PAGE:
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A package to automatically copy deleted records to a separate table

Original – by Freek Van der Herten – 5 minute read

We've released a new package called spatie/laravel-deleted-models. When deleting a model, this package will copy over its attributes to a table called deleted_models.

You can view this package as a "Recycle bin for models".

In this post, I'd like to tell you all about it.

Using the package

Installing the package is just a simple composer install away.

composer require spatie/laravel-deleted-models

After that, you should publish and run migrations to create deleted_models table.

php artisan vendor:publish --tag="deleted-models-migrations"
php artisan migrate

With the package installed, you should use the KeepsDeletedModels trait on every Eloquent model where you want to keep the attributes when the model is deleted.

use Illuminate\Database\Eloquent\Model;
use Spatie\DeletedModels\Models\Concerns\KeepsDeletedModels;

class BlogPost extends Model
{
    use KeepsDeletedModels;
}

When you call delete on a model, its attributes will be copied to deleted_models.

$blogPost = BlogPost::find($id);

// values will be copied to the `deleted_models` table
$blogPost->delete(); 

To restore a deleted model, you can call restore and pass in the id.

// $blogPost will be restored and returned
$blogPost = Blogpost::restore($id);

You can also restore the model in memory without saving it yet in the database, allowing you to make changes before saving it.

// the `$blogPost` isn't saved yet
$blogPost = BlogPost::makeRestored($id);

// make some modifications to the blog post

// ...

$blogPost->save();

The package has more features, and the entire deleting / restoring process can be customized. Head to the documentation on GitHub to learn more.

The trade-offs compared with soft deletes

In the Laravel ecosystem, there's another popular method of keeping deleted records: soft deleting. When using soft deletes, you add a deleted_at column to each table. When that column has a value, it should be considered deleted, and you should take care that you don't select these records when performing queries in the regular operation of your app.

The big pro for soft deletes is that it's very convenient. No data needs to be copied when deleting a model. Also, when performing migrations on a table that uses soft deletes, these "deleted" records will be updated.

But there are also some significant downsides. You must always keep soft deletes in mind whenever you perform a query via Eloquent, or when performing a query directly on your database. It's very easy to forget a where clause to omit those soft deleted records.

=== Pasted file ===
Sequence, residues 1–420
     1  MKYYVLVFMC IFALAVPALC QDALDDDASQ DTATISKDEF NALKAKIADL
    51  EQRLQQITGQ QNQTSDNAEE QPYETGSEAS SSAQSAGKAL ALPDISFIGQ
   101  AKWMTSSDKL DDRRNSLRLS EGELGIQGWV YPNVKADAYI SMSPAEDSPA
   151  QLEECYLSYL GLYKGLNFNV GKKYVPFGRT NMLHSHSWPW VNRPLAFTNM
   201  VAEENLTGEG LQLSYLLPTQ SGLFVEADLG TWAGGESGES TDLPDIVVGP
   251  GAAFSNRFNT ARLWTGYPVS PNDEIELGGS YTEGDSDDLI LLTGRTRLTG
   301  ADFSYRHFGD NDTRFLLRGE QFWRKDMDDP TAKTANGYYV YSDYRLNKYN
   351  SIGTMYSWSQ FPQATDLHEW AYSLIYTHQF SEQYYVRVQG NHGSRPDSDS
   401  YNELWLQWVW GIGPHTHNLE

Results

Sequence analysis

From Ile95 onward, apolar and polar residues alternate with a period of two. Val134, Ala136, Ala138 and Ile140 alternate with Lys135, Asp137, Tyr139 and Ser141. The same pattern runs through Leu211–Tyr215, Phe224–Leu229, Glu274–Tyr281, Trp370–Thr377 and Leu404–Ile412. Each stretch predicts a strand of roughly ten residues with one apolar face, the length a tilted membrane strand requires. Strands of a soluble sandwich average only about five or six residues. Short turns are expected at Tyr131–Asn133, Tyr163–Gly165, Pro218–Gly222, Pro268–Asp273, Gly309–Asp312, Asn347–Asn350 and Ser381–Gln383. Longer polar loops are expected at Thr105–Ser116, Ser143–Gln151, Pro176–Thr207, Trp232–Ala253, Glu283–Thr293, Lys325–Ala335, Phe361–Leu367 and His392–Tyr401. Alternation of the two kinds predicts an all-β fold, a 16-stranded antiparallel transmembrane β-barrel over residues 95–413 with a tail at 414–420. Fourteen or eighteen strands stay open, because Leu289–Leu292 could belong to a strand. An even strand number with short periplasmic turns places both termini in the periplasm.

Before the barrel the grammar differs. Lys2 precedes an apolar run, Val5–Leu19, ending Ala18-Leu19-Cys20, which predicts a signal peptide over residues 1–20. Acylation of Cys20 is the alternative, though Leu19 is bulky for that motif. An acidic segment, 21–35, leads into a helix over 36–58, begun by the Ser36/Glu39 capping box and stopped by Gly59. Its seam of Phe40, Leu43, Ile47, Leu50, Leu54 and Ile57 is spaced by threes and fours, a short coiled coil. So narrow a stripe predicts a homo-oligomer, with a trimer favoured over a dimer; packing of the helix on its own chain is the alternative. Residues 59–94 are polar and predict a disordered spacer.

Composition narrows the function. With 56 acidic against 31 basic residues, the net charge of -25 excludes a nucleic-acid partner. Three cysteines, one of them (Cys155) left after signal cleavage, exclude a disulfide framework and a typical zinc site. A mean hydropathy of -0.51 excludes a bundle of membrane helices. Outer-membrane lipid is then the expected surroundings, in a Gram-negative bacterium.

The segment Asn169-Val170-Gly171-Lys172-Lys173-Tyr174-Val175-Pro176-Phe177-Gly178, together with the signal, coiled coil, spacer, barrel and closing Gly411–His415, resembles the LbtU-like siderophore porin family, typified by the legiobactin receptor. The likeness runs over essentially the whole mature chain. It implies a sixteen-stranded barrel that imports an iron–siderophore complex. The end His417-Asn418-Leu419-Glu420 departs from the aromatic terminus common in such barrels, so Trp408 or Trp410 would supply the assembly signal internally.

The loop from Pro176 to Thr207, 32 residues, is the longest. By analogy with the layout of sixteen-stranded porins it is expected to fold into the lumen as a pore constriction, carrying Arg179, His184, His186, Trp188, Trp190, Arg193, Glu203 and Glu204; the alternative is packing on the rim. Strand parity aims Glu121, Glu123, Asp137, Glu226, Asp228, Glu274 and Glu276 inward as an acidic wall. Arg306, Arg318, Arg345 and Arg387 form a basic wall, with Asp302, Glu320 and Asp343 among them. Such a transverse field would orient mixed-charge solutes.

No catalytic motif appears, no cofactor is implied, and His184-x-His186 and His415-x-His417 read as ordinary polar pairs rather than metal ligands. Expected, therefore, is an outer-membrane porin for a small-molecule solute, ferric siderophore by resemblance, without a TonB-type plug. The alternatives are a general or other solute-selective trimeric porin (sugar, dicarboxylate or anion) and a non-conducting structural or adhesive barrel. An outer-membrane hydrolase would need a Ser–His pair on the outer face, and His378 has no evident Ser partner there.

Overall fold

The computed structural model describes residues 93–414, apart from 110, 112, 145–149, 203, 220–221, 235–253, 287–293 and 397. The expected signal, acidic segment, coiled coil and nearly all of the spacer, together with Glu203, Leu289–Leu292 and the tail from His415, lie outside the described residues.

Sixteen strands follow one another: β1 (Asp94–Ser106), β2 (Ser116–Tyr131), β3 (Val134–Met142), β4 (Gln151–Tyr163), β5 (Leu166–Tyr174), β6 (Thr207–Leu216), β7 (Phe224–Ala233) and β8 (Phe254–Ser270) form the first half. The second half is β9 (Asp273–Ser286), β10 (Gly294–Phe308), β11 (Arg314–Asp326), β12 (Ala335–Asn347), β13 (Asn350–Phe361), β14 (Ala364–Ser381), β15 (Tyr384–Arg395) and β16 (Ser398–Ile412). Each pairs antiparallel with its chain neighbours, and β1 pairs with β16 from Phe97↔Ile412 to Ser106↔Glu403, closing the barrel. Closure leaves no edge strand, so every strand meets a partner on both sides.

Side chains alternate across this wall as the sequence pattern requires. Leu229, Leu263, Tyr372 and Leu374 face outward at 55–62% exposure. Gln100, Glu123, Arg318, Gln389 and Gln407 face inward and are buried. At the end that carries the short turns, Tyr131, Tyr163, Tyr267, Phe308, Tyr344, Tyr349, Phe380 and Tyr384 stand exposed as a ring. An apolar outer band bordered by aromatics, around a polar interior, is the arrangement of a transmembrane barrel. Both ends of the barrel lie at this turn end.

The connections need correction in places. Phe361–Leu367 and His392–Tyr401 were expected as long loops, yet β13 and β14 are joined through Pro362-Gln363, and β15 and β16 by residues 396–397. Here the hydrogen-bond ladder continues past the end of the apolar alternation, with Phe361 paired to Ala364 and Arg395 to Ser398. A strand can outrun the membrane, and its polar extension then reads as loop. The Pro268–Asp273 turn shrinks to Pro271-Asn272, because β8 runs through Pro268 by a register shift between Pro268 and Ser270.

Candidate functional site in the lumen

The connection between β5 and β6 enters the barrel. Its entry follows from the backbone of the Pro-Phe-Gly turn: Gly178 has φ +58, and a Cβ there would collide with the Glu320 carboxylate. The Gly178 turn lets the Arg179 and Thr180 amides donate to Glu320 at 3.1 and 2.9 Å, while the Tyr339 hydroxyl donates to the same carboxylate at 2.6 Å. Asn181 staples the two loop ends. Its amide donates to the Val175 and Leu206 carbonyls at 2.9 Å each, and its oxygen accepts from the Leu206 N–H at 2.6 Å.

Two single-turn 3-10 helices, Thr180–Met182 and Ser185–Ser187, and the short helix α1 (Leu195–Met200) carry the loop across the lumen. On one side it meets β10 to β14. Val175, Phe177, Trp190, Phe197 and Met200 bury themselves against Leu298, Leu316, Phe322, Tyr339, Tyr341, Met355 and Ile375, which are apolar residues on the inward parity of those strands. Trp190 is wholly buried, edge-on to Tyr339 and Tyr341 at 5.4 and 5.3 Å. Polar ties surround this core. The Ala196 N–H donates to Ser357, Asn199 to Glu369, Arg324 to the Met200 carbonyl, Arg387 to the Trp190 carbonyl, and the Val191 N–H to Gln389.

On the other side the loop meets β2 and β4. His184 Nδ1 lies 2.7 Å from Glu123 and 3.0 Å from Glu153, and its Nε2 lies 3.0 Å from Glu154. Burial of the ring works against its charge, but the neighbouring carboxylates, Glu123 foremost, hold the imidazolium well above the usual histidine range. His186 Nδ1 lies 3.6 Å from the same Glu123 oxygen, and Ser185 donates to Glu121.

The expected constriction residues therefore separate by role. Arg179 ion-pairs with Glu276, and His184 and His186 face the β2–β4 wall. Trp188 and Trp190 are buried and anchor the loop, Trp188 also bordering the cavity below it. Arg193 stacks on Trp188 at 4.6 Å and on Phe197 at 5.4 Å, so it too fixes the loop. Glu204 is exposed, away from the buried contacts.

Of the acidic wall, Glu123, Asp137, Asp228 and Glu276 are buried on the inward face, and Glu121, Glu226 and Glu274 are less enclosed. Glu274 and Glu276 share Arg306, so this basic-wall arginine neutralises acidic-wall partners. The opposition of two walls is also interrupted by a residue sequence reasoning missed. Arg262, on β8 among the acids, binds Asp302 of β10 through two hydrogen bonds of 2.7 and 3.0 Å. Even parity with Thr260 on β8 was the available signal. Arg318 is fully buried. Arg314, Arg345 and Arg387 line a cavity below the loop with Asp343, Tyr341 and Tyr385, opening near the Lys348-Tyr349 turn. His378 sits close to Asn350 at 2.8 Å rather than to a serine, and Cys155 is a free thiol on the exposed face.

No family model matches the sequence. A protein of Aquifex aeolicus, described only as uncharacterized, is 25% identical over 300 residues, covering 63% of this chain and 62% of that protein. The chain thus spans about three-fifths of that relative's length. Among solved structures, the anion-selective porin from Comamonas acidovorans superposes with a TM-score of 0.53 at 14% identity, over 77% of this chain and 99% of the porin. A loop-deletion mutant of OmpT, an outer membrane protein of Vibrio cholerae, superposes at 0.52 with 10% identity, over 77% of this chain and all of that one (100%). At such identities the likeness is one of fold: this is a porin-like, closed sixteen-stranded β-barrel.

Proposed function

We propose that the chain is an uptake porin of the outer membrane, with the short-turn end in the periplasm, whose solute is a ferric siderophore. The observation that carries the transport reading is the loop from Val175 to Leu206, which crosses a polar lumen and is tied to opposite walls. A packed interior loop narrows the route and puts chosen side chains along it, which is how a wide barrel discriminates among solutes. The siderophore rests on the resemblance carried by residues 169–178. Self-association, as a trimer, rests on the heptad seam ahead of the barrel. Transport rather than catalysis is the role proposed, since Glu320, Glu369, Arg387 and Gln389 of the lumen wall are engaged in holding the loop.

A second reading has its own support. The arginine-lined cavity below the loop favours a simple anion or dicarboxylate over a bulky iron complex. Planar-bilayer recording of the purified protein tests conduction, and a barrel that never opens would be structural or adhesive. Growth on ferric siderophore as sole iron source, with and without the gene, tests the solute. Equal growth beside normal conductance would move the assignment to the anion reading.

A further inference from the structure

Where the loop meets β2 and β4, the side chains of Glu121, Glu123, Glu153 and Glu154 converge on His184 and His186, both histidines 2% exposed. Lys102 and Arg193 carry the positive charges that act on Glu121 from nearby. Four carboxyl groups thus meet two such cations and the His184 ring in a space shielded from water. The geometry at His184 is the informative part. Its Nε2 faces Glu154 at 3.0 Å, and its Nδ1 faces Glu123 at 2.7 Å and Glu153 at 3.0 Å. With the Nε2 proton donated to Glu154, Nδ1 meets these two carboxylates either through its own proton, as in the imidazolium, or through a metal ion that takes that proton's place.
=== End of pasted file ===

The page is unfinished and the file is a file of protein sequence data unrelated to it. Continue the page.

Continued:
When using soft deletes, you also lose the benefits of your database enforcing referential integrity. Put otherwise, if you soft delete a record that other records point to via a foreign key, you have to manually update those records to be soft deleted as well. With soft deletes, your database can't enforce referential integrity.

Definitely purging data from all tables that have soft deleted records involves monitoring and performing delete queries for all those tables. One simple query is usually not enough to remove all old soft-deleted data.

To undelete a soft deleted record, could be as simple as setting the deleted_at to null. In many cases, more is needed. You also have to undelete all related records, and the original deletion might have triggered side effects outside your database that you'd need to revert. In many cases, an undelete will encompass more than just updating the deleted_at.

Using a separate deleted_models table solves some, but not all, of these problems described above, but not all. It's simply another set of trade-offs. Using a deleted_models for deleted models will:

  • not require you to adapt your queries. You can just select stuff from the original table without the need for an extra where deleted_at = null
  • allow your database to still protect the referential integrity of your database. Deleting a record will delete all related records as well.
  • make it easy to permanently delete all old data. It's just performing one deletion query one the deleted_models table with where data_created < <your-treshold-date>.
  • make it harder to restore deleted data as you need to copy stuff back in (versus just setting deleted_at to null when using soft deletes)

In closing

Our spatie/laravel-deleted-models package makes it easy to copy all deleted records to one table. It's an alternative strategy for soft deletes.

Both strategies have their unique pros and cons. Make up your mind about which of the two solutions offers the best trade-offs for your project.

This package and blog post were inspired by these two blog posts:

This package isn't the first Spatie package. Please look at this extensive list of Laravel and PHP packages we've made before. I'm sure there's something there for your next project. If you want to support our open-source efforts, consider picking up one of our paid products or subscribe at Mailcoach and/or Flare.

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